session key specification.
24
Figure 3.4 Sequence diagrams for negotiation of session key and PIN check
The host requests a nonce from the smart card and then returns this nonce with one of
its own and the address, all encrypted with the temporary key. The smart card firstly
checks a misuse counter that limits the number of server connection attempts. The
smart card then checks its nonce, generates a new nonce and then generates a session
key using the host nonce and new nonce. It then sends the two nonces back to the host.
The host checks its nonce and then generates the same session key.
At the end of this protocol segment, the host and smart card have a session key with
which to encrypt and decrypt all further messages between them to ensure
confidentiality, and they have avoided the security risk of passing the key between
them.
25
The user is asked to enter a PIN and a misuse counter is then decremented to record the
number of PIN attempts,in order to protect against a brute-force PIN guessing attack.
The host then send the user PIN to the smart card with a Message Authentication Code
(MAC)
4
. The smart card checks the MAC and PIN, and returns a code indicating
whether it matches the PIN held on the card. If it matches, the misuse counter is reset to
its default value.
Figure 3.5 Sequence diagram for decrement of misuse counters
Three misuse counters all stored on the smart card protect against unlimited server
connection attempts, biometric scans and PIN guesses. They are all set to default values
and decremented in the same way (Figure 3.5). The host sends a misuse counter
number, a nonce and a MAC to the smart card. The smart card checks the MAC and
returns the misuse counter value, the nonce and a MAC. The host checks the nonce and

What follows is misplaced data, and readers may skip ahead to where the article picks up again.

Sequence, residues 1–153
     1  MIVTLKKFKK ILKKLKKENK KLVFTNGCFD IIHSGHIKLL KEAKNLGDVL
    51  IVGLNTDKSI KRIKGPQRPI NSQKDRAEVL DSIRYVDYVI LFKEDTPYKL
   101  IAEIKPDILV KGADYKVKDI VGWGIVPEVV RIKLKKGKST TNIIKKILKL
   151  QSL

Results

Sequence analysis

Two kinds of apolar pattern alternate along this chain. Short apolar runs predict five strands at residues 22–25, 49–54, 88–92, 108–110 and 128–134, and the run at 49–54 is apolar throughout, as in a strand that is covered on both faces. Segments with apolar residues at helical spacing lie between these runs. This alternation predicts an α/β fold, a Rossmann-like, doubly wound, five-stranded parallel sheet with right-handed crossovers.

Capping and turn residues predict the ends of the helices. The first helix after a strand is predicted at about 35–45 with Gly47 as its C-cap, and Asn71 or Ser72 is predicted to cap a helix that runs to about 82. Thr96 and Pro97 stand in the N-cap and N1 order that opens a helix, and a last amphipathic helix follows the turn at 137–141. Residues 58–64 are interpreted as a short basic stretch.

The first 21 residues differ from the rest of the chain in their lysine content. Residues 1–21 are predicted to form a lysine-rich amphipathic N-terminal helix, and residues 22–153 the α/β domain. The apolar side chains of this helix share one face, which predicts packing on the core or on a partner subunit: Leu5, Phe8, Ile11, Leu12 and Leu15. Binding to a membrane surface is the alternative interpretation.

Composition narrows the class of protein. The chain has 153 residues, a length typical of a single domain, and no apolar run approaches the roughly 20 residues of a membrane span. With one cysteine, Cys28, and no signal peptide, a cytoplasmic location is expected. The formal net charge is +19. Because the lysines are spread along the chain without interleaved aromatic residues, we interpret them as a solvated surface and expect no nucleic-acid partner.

MAC, decrements the value and, if it is non-zero, sends it to the smart card which stores
the decremented value. The host then requests the decremented value to confirm that it
has been stored correctly in the smart card.

4
A MAC is a hash value calculated from a message which is used to check message integrity. The
receiver re-calculates the MAC from the message and compares this with the MAC received from the
sender; if they are the same then the message has not been changed.
26
The remaining protocols below also use the session key, Nonces and MACs to confirm
message confidentiality, freshness and integrity in the same way but are omitted for
clarity in this description.
3.2.2 Host – scanner protocol
The host - scanner protocol (Figure 3.6) begins with the host asking the user to place a
finger on the scanner, decrementing the misuse counter protecting against unlimited
scans and then requesting the user’s biometric template from the smart card. This
template is a digital representation of a biometric, such as a fingerprint, that is recorded
on registration and stored on the smart card for comparison with a live scan of the user’s
biological feature.The smart card returns the template and a digital signature of it,
allowing the host to confirm the template’s authenticity.
Figure 3.6 Sequence diagram for biometric scan
The host then opens a session with the scanner (Figure 3.7),sending it the template and
a request for a scan of the user’s biometric. The scanner compares the scan it takes with
the template and,if it is within a set tolerance,returns a ‘successful scan’ code. The
template is then erased from the scanner and the host resets the misuse counter. If the
scan fails then the request, scan and response can be repeated up to two more times
before the session is closed.
27
Figure 3.7 Sequence diagram for biometric matching
Although the scanner and smart card reader are logically separate, they are implemented
physically as a combined scanner/reader device in Viti’s prototype. This device would
probably have controller software with which the host would interact so in the prototype
the host does not negotiate a different session key with the scanner; it uses the same